BONUM (ἀγαθός, Good).—(1) The agreeable or desirable in the widest sense, all
that pleasurably affects sensitive organism; (2) in an ethical sense, the right,
as in contrast with the wrong, in which case the adjective applies to actions
required by moral law. The ancient ethical philosophy was largely moulded in
forms suggested by "The Good," as desirable, or the end towards which action is
directed; (3) "The Good,"—the Absolute Good,—or perfect Being,—God,—The
Platonic use. For the German use of the word, specially the distinction between
das Gute and das Wohl, see Kant's Ethics, Abbot, p. 150.
Bonum Summum, the chief good,—The phrase employed by ancient ethical
philosophers to denote that in the pursuit and attainment of which the progress,
perfection, and happiness of human beings consist.
Aristotle, in his Ethics, discusses the whole subject from the standpoint of the
chief good, working towards an understanding of happiness, which results in its
interpretation as the activity of a perfect human life. The Aristotelic
treatment of ethics thus affords illustration of the form and order of reasoning
in favour in ancient ethical systems. For illustration of the same tendency, as
popular during the Roman period, see Cicero's De Finibus.
Modern Ethical Philosophy has passed over to a search for an objective standard
of right, contemplating first the qualities of action, and only thereafter the
true end or chief good. But the Happiness Theory keeps in closer relation with
ancient form,—taking Happiness as the one thing desirable (Mill's
Utilitarianism; Sidgwick's Methods of Ethics, where see specially, bk.
XIV., "The Summum Bonum;" specially does this direction belong to the Ethics of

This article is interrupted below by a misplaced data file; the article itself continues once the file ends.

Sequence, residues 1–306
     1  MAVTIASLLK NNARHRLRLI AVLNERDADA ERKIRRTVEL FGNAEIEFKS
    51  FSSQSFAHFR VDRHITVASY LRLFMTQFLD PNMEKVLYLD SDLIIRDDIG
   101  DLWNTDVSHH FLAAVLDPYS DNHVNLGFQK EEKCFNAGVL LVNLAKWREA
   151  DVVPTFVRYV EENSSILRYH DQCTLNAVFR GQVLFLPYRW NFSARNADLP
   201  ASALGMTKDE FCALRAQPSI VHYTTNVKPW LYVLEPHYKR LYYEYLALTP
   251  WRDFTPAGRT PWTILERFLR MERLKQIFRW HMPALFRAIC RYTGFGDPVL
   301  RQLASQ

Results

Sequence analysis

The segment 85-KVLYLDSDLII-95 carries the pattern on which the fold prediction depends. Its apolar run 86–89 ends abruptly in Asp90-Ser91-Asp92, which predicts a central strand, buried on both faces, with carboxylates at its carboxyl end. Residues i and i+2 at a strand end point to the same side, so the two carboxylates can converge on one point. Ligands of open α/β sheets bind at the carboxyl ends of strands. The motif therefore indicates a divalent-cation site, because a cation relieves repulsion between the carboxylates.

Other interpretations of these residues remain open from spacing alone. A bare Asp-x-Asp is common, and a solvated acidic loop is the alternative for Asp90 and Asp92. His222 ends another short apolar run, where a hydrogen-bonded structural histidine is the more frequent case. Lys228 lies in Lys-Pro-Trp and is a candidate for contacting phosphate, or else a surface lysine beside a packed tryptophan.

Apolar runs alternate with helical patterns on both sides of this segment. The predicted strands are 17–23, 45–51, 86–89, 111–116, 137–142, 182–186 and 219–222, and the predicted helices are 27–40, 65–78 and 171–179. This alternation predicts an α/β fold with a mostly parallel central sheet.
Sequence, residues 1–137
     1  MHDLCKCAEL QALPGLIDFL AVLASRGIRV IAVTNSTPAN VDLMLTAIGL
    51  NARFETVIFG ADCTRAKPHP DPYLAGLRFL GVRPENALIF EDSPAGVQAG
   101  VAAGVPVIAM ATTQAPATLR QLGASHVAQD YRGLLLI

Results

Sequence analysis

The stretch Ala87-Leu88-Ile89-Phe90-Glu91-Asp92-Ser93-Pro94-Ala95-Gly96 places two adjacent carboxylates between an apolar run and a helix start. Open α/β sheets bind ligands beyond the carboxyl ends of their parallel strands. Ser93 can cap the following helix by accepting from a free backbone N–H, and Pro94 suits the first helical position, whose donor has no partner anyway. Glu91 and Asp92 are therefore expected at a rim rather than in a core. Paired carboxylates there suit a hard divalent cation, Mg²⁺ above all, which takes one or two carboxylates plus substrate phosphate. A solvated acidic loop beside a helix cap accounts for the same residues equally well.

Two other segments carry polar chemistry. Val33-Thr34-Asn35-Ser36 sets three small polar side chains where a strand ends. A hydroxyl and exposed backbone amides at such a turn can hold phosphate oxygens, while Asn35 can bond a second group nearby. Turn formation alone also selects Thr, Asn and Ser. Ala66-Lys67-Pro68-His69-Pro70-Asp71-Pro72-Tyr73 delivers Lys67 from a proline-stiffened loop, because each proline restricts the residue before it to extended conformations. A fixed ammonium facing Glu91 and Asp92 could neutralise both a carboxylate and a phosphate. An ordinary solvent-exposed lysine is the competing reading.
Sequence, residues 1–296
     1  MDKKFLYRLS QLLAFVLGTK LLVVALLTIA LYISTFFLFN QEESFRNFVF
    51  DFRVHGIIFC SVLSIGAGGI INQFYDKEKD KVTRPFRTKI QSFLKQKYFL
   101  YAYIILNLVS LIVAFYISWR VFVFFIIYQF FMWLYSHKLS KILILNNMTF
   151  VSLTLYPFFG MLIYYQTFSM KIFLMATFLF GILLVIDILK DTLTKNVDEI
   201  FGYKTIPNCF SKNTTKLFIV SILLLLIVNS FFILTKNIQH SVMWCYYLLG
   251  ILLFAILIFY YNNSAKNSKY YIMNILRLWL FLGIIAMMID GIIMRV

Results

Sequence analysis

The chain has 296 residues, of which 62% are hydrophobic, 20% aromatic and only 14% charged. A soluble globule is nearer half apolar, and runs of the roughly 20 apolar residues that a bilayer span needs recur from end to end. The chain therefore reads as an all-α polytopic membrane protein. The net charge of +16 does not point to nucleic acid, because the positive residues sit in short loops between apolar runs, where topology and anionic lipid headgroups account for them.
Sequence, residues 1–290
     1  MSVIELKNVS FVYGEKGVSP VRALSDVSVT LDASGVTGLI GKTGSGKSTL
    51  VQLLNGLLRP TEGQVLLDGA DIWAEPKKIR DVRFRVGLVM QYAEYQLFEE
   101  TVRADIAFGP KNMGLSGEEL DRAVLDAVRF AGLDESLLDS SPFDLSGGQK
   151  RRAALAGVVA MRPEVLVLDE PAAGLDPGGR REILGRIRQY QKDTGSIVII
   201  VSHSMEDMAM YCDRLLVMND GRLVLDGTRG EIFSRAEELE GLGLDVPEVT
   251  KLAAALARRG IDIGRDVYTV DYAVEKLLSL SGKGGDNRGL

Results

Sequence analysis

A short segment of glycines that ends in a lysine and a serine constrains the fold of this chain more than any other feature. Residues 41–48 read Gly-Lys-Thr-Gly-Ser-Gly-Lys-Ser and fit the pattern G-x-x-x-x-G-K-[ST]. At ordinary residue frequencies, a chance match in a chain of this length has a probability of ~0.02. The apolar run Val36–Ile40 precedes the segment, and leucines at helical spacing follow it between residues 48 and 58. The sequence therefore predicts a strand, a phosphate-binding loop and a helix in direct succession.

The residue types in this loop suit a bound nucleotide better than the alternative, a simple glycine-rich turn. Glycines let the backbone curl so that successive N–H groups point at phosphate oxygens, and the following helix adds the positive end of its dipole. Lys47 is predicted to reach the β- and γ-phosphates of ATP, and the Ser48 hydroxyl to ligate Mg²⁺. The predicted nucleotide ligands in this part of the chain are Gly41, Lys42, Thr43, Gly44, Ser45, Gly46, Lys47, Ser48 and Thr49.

Evolution, Spencer's Data of Ethics; Leslie Stephen's Science of Ethics; Simcox,
Natural Law, an
Essay in Ethics). For a general view of this course of thought, see Sorley's
Ethics of Naturalism. Martenson (Christian Ethics) discusses his subject from
the standpoint of the highest good.
From the standpoint of the modern Rational School, it is admitted that Ethics
may be regarded as a system of ends; and "the relation of end to duty may be
cogitated in a twofold manner,—either beginning with the end to assign the
maxim, ...or beginning with the maxim to determine the end...
Jurisprudence advances by the first method... But Moral
Philosophy strikes into an opposite march: here we cannot commence with the
ends he may design, and from them determine and formulate the maxims he has to
take, i.e., the duty he has to follow, for, in the latter event, the grounds of
his maxim would be experiential, which we know beget no obligation, the idea of
duty and its categorical imperative taking their rise in pure reason only"
(Kant's Metaphysics of Ethics, Semple, 3rd ed., p. 197). See Kant's Dialectic of
Pure Reason, defining the conception of the "Summum Bonum," Abbot's transl.,
Kant's Ethical Theory, Practical Reason, pt. I. bk. II. ch. I. and II. p. 202.
"The conception of the summum itself contains an ambiguity,... the
mean either the supreme (supremum) or the perfect (consummatum). The former is
that condition which is itself unconditioned, i.e., is not subordinate to any
other (originarium); the second is that which is not a
part of a greater whole of the same kind (perfectissimum)...
Virtue (as worthiness to be happy) is the supreme condition of all that can
appear to us desirable, and consequently of all our personal happiness, and is
therefore the supreme good. But it does not follow that it is the whole and
perfect good as the object of the desires of rational finite beings; for this
requires happiness also, and that not merely in the partial eyes of the person
who makes himself an end, but even in the judgment of an impartial reason, which
regards persons in general as ends in themselves" (Kant's Ethics, Abbot, 3rd
ed., p. 206).